No less than 186 Massacres in Syria in the First Half of 2018

Including 15 Massacres in June

SNHR

SNHR said today that no less than 186 massacres were perpetrated by the parties to the conflict in Syria in the first half of 2018, including 15 massacres that were documented in June.

The report notes that the first two years of the popular uprising saw the largest portion of ethnic and sectarian cleansing massacres, where the Syrian regime and its militias were responsible for the majority of these massacres. In mid-2013, Syrian regime forces started relying heavily on warplanes and they were also used later by international coalition forces and Russian forces. The wide use of aerial bombardment doubled the numbers of victims and caused huge destruction to the infrastructure, as one or two new massacres at least are recorded almost every day.

This report draws upon the ongoing monitoring of news and development by SNHR team, and on accounts by survivors, eyewitnesses, and local media activists as the report contains one account that has been collected by speaking directly to eyewitnesses and are not cited from any open sources, in addition to analyzing a large number of videos and pictures that were posted online or sent by local activists.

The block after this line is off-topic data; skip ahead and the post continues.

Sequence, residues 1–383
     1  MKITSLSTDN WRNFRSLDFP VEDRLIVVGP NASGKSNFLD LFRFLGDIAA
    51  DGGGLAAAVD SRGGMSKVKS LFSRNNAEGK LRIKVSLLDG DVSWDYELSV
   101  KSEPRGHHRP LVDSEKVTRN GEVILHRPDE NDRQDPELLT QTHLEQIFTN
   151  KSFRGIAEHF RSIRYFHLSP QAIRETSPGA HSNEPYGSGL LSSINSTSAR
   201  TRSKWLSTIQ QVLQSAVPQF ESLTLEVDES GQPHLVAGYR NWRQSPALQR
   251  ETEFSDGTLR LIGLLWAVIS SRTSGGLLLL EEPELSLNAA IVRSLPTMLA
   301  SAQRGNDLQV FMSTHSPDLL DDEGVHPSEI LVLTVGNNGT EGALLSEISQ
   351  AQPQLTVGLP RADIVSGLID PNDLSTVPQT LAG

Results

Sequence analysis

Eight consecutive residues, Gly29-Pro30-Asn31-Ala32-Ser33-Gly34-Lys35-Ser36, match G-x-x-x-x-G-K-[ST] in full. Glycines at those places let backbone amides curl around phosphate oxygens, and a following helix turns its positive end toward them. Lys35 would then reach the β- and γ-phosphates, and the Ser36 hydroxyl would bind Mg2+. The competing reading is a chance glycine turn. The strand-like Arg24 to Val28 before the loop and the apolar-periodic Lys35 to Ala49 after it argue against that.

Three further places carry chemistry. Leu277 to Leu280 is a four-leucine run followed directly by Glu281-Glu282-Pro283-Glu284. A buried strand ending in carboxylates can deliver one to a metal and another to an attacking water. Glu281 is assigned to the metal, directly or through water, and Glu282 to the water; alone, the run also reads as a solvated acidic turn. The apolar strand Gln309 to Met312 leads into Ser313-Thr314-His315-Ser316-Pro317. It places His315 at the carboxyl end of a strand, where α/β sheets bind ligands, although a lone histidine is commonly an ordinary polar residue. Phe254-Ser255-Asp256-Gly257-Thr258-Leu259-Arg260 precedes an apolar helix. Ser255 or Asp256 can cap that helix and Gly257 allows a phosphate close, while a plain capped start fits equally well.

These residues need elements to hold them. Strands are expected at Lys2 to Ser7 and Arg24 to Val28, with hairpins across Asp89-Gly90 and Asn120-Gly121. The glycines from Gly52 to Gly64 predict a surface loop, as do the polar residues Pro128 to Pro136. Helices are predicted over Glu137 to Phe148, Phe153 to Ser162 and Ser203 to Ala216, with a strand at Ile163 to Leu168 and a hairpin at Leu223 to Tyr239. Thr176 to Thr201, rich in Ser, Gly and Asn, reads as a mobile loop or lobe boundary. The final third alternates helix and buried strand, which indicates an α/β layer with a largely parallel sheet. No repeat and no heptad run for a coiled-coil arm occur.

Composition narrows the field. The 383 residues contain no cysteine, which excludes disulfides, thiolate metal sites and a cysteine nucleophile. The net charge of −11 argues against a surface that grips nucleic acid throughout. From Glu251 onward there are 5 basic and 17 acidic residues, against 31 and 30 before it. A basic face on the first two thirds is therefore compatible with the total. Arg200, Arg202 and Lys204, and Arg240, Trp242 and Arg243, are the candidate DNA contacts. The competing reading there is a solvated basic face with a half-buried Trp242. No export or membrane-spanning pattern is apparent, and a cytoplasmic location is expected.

The report notes that Syrian-Russian alliance forces launched a vicious offensive in mid-June in south Syria. These forces established their control over numerous areas while the offensive resulted in a number of massacres against civilians, as the report records eight massacres in Daraa governorate.
According to the report, Syrian-Russian alliance forces topped all parties with 10 massacres out of 15 massacres that were recorded in June. In addition, international coalition forces perpetrated massacres in Syria’s eastern region for a second month in a row, as three massacres were recorded, including two in Hasaka governorate.
 
The report records no less than 186 massacres perpetrated by the parties to the conflict in Syria in the first half of 2018, while outlining the massacres that were perpetrated in June that saw no less than 15 massacres. The report uses the term “massacre” to refer to an incident in which five peaceful individuals or more are killed in the same attack. Based on this definition, Syrian regime forces were responsible for 122 massacres in the first half of 2018, while Russian forces were responsible for 24. Kurdish Self-Management forces perpetrated three massacres, whereas international coalition forces perpetrated 15 massacres. Lastly, 22 massacres were perpetrated by other parties.